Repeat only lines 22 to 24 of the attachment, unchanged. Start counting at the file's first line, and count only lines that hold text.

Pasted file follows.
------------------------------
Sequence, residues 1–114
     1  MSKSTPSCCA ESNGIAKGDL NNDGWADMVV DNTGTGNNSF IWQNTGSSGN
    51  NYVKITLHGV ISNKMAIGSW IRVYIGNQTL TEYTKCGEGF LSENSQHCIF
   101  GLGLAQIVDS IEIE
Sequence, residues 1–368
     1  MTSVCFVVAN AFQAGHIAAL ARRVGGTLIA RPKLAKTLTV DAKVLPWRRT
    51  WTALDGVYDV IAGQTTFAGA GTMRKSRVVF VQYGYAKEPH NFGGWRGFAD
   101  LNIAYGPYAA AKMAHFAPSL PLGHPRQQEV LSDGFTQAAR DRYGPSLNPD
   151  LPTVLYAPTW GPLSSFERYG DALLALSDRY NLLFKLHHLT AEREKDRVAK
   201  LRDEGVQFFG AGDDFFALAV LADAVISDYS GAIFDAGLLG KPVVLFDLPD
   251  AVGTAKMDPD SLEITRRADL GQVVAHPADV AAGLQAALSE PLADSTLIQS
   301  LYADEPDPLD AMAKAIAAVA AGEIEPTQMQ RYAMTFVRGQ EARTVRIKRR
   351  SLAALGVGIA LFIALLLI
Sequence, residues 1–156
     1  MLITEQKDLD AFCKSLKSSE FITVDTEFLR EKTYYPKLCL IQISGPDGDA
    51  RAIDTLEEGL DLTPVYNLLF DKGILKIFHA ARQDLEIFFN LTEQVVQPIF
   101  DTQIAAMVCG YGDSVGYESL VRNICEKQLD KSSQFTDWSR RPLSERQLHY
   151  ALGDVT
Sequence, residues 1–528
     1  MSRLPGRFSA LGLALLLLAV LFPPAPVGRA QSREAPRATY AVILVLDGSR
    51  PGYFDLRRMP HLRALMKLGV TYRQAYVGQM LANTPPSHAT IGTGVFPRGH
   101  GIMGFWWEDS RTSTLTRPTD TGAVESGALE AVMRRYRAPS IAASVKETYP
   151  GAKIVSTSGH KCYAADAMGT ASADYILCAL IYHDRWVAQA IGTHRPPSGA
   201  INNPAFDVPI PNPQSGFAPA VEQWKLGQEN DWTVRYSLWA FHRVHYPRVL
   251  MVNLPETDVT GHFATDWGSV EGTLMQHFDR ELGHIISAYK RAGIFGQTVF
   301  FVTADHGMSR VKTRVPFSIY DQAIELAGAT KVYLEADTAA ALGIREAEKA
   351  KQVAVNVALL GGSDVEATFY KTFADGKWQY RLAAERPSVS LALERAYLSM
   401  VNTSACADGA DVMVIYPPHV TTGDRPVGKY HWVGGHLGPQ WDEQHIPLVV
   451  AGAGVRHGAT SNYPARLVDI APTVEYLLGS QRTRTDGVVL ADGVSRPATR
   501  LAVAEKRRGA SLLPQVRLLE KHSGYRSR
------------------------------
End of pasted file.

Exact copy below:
   101  GIMGFWWEDS RTSTLTRPTD TGAVESGALE AVMRRYRAPS IAASVKETYP
   151  GAKIVSTSGH KCYAADAMGT ASADYILCAL IYHDRWVAQA IGTHRPPSGA
   201  INNPAFDVPI PNPQSGFAPA VEQWKLGQEN DWTVRYSLWA FHRVHYPRVL